The most recent wave of democratic revolutions has convinced many in the West of the triumph of political rights. But Grodsky argues forcefully that nothing could be further from the truth. As newly democratic regimes turn away from democracy, he clearly shows that they threaten to undermine the still-evolving notion of democratic legitimacy.
The most recent wave of democratic revolutions has convinced many in the West of the triumph of political rights. But in this provocative book, Brian Grodsky argues forcefully that nothing could be further from the truth. Today’s revolutionaries—both democratic and non-democratic—are much like those who preceded them throughout history. They’ve all come into power promising enhanced political, but especially economic, rights: higher wages, better living standards, more security. The difference between today’s pro-democracy leaders and yesterday’s non-democratic ones, the author demonstrates, rests on the perceived international legitimacy of the democratic template. Now, when even the most abusive regimes feel the need to label themselves democracies, opponents delegitimize rulers by calling them undemocratic. This sets the stage for what Grodsky calls the “democratization disconnect.” Leaders and followers fight for political change not as an end, but as the most acceptable means to attain economic rights. But by selling democracy as a panacea for the ills of the preceding regime, new elites simultaneously cheapen the notion of democracy and, by creating unrealistic popular expectations, set it up for failure. Putting a fresh new spin on hotly debated current events, this clear-eyed and informed book will be essential reading for all politically engaged readers.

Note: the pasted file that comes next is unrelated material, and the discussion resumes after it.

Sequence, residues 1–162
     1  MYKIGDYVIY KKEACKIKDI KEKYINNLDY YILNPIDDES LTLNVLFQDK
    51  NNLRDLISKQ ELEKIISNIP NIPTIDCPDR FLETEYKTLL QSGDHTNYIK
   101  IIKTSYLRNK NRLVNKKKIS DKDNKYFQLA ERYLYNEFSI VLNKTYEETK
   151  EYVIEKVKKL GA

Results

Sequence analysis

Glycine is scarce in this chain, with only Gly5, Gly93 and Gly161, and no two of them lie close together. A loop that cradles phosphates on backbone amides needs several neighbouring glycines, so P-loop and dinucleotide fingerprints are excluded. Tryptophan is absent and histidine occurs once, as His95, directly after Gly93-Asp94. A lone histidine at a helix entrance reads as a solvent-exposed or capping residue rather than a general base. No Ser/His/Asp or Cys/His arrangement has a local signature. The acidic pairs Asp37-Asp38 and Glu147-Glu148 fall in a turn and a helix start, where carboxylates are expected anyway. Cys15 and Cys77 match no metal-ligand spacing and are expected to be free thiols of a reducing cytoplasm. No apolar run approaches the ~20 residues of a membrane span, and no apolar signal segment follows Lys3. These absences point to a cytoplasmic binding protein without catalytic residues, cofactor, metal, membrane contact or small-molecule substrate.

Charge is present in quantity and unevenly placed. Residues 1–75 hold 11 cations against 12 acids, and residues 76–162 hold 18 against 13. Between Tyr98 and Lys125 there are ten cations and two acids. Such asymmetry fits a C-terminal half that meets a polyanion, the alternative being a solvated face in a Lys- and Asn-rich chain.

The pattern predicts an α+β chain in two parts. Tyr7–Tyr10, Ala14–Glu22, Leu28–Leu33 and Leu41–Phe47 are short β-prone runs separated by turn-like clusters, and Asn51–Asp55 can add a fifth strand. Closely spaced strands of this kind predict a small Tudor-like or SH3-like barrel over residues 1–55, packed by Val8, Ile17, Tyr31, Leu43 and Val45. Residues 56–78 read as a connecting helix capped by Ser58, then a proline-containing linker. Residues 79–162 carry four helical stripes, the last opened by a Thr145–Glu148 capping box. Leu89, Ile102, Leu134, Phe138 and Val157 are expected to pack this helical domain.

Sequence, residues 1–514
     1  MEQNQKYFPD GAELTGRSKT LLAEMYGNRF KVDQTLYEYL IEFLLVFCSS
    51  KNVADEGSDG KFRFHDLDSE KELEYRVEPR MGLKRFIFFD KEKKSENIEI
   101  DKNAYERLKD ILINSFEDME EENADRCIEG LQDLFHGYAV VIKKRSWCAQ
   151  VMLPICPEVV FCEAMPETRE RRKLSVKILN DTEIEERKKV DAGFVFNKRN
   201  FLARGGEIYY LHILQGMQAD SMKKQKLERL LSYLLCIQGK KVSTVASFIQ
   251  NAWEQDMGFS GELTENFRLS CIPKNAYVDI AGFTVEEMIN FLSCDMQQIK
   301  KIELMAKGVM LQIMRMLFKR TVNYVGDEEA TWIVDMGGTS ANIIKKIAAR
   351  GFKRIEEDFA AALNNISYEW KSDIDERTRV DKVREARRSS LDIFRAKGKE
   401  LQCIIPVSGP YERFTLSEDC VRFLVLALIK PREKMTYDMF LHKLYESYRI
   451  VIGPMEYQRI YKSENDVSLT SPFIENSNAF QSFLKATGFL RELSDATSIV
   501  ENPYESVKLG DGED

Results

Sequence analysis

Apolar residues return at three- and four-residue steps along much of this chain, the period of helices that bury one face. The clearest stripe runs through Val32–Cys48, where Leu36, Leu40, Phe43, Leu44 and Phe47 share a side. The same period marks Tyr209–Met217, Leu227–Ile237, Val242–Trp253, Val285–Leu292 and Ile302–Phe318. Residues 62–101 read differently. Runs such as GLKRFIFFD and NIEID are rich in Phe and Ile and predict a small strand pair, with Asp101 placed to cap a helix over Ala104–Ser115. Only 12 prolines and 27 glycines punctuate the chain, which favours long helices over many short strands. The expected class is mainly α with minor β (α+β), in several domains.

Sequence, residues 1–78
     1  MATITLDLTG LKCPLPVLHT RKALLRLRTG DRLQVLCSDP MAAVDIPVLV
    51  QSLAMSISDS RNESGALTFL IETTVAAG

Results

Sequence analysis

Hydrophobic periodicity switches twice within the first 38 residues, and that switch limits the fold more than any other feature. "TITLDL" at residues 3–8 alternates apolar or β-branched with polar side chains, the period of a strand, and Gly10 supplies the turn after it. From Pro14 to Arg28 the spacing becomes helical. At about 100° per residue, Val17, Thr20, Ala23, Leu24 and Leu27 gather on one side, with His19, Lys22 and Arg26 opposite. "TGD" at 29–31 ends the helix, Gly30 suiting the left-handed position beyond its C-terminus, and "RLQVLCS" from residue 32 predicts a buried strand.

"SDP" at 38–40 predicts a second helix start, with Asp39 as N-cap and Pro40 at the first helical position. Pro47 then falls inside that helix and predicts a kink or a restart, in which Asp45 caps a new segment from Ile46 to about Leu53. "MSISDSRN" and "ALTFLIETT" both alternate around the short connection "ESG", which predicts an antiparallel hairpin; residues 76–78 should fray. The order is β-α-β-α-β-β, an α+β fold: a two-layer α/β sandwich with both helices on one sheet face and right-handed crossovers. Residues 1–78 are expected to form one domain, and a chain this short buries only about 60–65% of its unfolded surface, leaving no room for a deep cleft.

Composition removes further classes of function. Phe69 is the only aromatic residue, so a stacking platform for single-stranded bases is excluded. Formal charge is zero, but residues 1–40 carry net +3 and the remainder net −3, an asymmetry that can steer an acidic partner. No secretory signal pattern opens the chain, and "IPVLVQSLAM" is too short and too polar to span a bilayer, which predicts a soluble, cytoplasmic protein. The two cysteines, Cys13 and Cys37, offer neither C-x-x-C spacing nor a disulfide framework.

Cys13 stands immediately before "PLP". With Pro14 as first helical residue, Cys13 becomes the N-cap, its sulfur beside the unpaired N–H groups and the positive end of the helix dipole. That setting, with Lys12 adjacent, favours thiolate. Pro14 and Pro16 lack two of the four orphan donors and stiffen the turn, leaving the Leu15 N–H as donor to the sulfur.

Chapter 1: The Roots of the Democratization Disconnect
Chapter 2: The Rise and Impact of Democratic Legitimacy
Chapter 3: Democratization’s First Wave and the Economics of Political Liberty
Chapter 4: Struggles for Human Dignity Before Democratic Legitimacy: Of Communists, Fascists and Fundamentalists
Chapter 5: Fueling the Third Wave: Human Dignity and Democratization in Communist Poland
Chapter 6: Crowning the Third Wave at the Bottom of Africa
Chapter 7: The Beginning of the End of Democracy’s Third Wave: Yugoslavia
Chapter 8: Georgia’s Rose Revolution and the Affirmation of Democratic Legitimacy
Chapter 9: The Arab Spring in Egypt: A View from Democratization’s Peak
Chapter 10: Saving Democracy from the Threats of Democratic Legitimacy